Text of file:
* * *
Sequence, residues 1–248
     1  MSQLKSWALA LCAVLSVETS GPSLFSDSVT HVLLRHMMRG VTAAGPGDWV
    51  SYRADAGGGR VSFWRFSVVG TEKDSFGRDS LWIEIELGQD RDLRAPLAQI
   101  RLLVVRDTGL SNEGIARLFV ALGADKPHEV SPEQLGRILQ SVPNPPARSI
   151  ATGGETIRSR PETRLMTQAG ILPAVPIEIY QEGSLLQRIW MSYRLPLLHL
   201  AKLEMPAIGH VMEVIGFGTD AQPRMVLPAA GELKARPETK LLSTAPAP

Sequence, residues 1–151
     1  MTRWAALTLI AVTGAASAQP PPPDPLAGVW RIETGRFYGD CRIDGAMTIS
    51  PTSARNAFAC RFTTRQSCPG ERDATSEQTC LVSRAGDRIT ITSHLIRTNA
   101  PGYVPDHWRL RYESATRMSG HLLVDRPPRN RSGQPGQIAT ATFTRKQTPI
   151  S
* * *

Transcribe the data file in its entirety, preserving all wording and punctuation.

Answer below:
Sequence, residues 1–248
     1  MSQLKSWALA LCAVLSVETS GPSLFSDSVT HVLLRHMMRG VTAAGPGDWV
    51  SYRADAGGGR VSFWRFSVVG TEKDSFGRDS LWIEIELGQD RDLRAPLAQI
   101  RLLVVRDTGL SNEGIARLFV ALGADKPHEV SPEQLGRILQ SVPNPPARSI
   151  ATGGETIRSR PETRLMTQAG ILPAVPIEIY QEGSLLQRIW MSYRLPLLHL
   201  AKLEMPAIGH VMEVIGFGTD AQPRMVLPAA GELKARPETK LLSTAPAP

Sequence, residues 1–151
     1  MTRWAALTLI AVTGAASAQP PPPDPLAGVW RIETGRFYGD CRIDGAMTIS
    51  PTSARNAFAC RFTTRQSCPG ERDATSEQTC LVSRAGDRIT ITSHLIRTNA
   101  PGYVPDHWRL RYESATRMSG HLLVDRPPRN RSGQPGQIAT ATFTRKQTPI
   151  S